The Bail Verification and Supervision Program provides supervision and support to low-risk accused who do not have the finances or social ties to be released safely into the community on bail pending trial. The program ensures they are supervised while in the community, attend court dates, meet their bail conditions and helps them navigate the criminal court process. By expanding the supports and services for people suffering from mental illness and struggling with poverty, homelessness and addictions, the program will make it possible for more vulnerable accused, in appropriate cases, to be safely released in the community.
Beginning in early 2017, Ontario will:
- Expand the program to provide services for the entire province. Currently, this program services half of the province's court locations.
- Enhance existing program services and supports to facilitate the successful release on bail of low-risk accused into the community pending trial, and avoid future conflict with the law.
Specialized Bail Verification and Supervision Program staff will provide vulnerable populations, including those with mental illness and Indigenous people, with improved access to housing, medical services, treatment, and supervision in the community. The program will also be extended to serve a number of weekend court locations across the province.
Bail bed program
Homelessness or lack of stable housing is a significant factor keeping many vulnerable people in custody who may have otherwise been granted bail.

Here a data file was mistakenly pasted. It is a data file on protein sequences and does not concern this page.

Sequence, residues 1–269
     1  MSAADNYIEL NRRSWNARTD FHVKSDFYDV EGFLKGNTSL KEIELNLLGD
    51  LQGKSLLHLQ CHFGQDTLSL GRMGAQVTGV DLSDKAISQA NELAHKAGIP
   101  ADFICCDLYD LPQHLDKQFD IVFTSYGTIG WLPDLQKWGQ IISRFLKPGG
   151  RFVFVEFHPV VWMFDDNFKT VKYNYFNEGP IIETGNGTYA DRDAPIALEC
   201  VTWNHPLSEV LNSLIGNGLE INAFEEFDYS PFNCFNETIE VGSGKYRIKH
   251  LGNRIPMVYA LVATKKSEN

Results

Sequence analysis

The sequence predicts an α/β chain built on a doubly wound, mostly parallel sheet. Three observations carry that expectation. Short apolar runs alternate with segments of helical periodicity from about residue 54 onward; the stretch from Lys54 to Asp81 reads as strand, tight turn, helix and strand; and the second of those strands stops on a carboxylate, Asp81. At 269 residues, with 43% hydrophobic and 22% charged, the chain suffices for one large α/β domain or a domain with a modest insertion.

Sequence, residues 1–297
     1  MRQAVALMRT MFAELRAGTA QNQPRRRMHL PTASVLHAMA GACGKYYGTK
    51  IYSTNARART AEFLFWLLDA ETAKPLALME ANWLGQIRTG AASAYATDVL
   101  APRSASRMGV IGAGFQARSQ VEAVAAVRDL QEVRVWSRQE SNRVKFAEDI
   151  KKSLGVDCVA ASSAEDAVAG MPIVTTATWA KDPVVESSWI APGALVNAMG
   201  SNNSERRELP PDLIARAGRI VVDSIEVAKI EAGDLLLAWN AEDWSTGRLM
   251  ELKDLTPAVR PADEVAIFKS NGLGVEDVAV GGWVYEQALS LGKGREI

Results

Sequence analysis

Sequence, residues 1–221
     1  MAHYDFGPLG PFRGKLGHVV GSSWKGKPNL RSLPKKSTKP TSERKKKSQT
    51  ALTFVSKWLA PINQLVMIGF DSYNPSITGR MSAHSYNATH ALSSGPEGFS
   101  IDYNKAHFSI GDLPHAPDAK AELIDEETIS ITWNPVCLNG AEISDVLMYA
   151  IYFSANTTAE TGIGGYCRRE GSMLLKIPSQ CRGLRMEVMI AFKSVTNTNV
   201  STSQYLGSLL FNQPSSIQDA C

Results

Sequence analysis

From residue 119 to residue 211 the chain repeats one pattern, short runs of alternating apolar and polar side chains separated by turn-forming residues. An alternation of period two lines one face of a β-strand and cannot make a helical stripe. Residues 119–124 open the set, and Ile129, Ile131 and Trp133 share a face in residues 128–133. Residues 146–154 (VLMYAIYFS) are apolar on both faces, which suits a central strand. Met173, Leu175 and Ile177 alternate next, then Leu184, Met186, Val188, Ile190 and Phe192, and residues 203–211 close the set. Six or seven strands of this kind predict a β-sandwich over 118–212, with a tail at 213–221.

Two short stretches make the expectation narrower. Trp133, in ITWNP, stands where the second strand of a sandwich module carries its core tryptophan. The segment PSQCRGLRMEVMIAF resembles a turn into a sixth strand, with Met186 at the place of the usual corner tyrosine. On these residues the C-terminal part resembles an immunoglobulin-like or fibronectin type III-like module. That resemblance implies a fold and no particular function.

The Bail Beds program will provide safe, supportive and supervised housing for vulnerable accused persons who require enhanced supervision in the community.
The program, which will be provided by community-based agencies, will be launched in up to five locations across the province, beginning with a 20-bed facility in December 2016 in Thunder Bay.
Bail and remand program for Indigenous people
As part of Ontario's commitment towards reconciliation with Indigenous peoples, a new Indigenous bail and remand program is being developed. Indigenous communities, organizations and service providers are being engaged in its development and will facilitate the program.
The plan will also provide more services for Indigenous people by incorporating distinct policies, training and staff positions, so that they can remain in their communities while awaiting trial.
The Indigenous bail and remand program will launch in early 2017.
More openness and transparency in the criminal justice system
The province has been working together with the Ontario Court of Justice on improving public reporting on all criminal justice matters.
This collaboration has resulted in creating "dashboards", a statistical report that provides criminal court information on the progress of all cases from the bail phase to completion of trial in the Ontario Court of Justice at the provincial and local levels.
Dashboards will be available on the Ontario Court of Justice's website, starting in December 2016, and will be updated quarterly.